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What does the future hold for the vaccine rollout?

The COVID-19 pandemic (caused by the SARS-CoV-2 virus) has led to more than 180 million infections and 4 million deaths worldwide.1 Since December 2020, effective vaccines have been available and deployed in the UK.2 By 12th August 2021, a total of 70,942,841 doses of COVID-19 vaccine had been given in England. Almost 32 million of these were second doses.3 This equates to 63.9% overall uptake for first dose and 55.9% for the second dose. Public Health England estimated that 105,900 deaths and 24,088,000 infections were prevented up to 20th August 2021. Over 82,100 hospitalisations were averted. In line with the programme rollout, coverage is highest in the oldest age groups. Over 95% of people aged 55 and older are fully vaccinated with two doses whilst uptake is 47.3% in 30-34 age group and 61% in 35-39 years.2 COVID-19 vaccination was also seen to reduce onward transmission in a household by a third to a half where the confirmed case had been vaccinated with a single dose.4

Without a doubt, the UK COVID-19 vaccination programme has been phenomenally successful. The vaccines have delivered on what they are supposed to do: prevent progression to severe disease, hospitalisation and death. An early decision to prioritise the rapid roll out of the first-dose protection against the alpha variant (with a 12 week prime boost interval between doses) across all priority groups meant that non-pharmaceutical interventions could be reduced earlier than we would otherwise have been able to do so.5,6,7 However, there remains work to be done.

Are there storms ahead?

There are concerns that developed countries such as the UK have resorted to ‘vaccine nationalism’, that is stockpiling vaccines to prioritise rapid access for their citizens due to public or political pressure and fears of waning immunity.8 The World Health Organisation has pointed out that such ‘vaccine nationalism’ means delayed access to vaccines in countries with low vaccine availability. This could lead to increases in transmission, thereby risking antigenic evolution of the virus and the emergence of novel variants and vaccine escape.9 It is large outbreaks and widespread transmission of the virus that drives its mutation giving raise to new variants.10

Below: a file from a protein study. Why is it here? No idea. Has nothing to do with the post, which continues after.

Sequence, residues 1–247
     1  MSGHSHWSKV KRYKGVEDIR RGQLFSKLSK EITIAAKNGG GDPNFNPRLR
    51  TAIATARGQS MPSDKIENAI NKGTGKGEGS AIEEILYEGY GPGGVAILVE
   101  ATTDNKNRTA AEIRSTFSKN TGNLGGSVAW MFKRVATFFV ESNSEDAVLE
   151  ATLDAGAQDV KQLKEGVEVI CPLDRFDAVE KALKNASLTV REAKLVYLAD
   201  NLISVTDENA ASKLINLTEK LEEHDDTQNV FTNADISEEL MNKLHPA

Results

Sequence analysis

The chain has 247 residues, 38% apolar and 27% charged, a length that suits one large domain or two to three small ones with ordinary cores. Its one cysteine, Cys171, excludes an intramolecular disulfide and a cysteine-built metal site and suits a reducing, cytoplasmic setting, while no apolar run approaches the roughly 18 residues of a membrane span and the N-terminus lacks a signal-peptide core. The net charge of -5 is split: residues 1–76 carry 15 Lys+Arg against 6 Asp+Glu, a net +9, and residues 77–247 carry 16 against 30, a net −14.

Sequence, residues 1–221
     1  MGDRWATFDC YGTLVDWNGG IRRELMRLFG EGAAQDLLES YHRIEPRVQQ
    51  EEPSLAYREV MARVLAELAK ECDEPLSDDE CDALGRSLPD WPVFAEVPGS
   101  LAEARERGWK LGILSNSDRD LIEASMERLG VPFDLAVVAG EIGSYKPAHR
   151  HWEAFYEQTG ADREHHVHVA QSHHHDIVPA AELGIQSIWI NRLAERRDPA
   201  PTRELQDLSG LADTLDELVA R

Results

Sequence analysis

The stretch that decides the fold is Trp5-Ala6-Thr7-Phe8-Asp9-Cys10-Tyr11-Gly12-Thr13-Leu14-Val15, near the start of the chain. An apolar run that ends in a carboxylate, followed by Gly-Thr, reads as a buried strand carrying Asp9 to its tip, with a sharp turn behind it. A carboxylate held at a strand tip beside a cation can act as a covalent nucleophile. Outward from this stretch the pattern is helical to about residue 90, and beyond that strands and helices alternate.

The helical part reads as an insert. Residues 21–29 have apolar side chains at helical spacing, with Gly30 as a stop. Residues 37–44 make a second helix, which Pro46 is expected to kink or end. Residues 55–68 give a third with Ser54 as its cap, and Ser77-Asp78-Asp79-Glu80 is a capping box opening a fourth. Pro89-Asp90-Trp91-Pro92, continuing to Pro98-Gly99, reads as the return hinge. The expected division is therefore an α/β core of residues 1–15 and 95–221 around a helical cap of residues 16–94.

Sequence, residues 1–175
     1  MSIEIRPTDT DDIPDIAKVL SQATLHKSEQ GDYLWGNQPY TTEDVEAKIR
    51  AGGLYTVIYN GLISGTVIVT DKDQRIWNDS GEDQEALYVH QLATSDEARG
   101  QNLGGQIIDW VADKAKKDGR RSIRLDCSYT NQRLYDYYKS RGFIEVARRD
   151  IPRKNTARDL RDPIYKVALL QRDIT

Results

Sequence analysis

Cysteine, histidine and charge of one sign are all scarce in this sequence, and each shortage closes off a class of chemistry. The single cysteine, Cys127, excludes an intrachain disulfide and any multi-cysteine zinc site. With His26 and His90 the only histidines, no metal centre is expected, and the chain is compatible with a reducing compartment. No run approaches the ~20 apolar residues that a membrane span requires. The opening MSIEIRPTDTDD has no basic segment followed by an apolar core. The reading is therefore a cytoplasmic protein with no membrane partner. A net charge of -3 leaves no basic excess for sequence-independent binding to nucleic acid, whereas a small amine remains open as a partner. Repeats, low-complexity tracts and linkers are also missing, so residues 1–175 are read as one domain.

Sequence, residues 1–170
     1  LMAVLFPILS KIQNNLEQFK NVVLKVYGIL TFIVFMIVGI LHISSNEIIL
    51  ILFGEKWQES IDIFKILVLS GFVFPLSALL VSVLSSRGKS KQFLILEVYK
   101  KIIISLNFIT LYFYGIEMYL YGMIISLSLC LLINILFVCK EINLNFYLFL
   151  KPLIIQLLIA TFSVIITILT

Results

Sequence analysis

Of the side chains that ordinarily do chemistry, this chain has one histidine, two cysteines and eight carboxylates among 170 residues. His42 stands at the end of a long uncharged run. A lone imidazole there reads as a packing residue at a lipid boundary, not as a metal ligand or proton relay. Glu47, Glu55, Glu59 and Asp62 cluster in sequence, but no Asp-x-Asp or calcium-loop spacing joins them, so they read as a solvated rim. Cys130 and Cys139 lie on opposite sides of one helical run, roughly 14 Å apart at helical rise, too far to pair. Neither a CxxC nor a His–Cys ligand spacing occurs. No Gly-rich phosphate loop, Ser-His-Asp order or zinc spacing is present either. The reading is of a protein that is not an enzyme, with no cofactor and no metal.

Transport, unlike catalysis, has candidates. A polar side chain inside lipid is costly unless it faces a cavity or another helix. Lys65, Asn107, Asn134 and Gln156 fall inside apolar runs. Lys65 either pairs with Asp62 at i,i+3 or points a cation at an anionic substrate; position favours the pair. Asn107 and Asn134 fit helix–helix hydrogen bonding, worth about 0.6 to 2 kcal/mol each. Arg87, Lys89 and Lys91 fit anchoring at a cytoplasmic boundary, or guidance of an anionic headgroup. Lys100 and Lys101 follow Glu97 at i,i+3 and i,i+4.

The emergence of the Delta variant brought into question the effectiveness of the vaccine. After a single dose there was an 14% absolute reduction in vaccine effectiveness against symptomatic disease with Delta compared to Alpha, and a smaller 10% reduction in effectiveness after 2 doses.2 However, effectiveness against hospitalisation is equivalent.2 Connected to this are the concerns around the potential waning of immunity at 6 months.11,12 At time of writing, we are still waiting the definitive word on whether a booster programme will be offered this winter. However, the Joint Vaccination and Immunisation Committee (JCVI) have issued interim advice on which groups of people should be prioritised should a booster programme be required.13 The JCVI are also looking into the safety of providing COVID-19 booster vaccination at the same time as the flu vaccine, which will greatly help with compliance and convenience for patients going forward. Focus on immunity waning detracts from COVID-19 vaccines protecting people from severe disease. Vaccinated individuals who contract the virus, have mild illness.

Variation in uptake

The overall high coverage rates in England mask the impact of health inequalities and inequities in accessing health services on uptake rates. There is variation between and among different demographic groups and geographical areas. At an England level, there is higher uptake in British white groups – 93.7% of those aged 50 and older are fully vaccinated – with the lowest uptake in Black minority groups - 61.8% for over 50s (Black Caribbean), 66.6% (Black African) and 64.9% (any other Black background).2 Similar to other vaccination programmes, London performs at the bottom of the regions, with its uptake rates varying across the 32 different boroughs. The problem here is that communities or areas with low vaccination uptake are at risk of sustained transmission and if accompanied by waning immunity, there is a risk of antigenic evolution and new variant arising.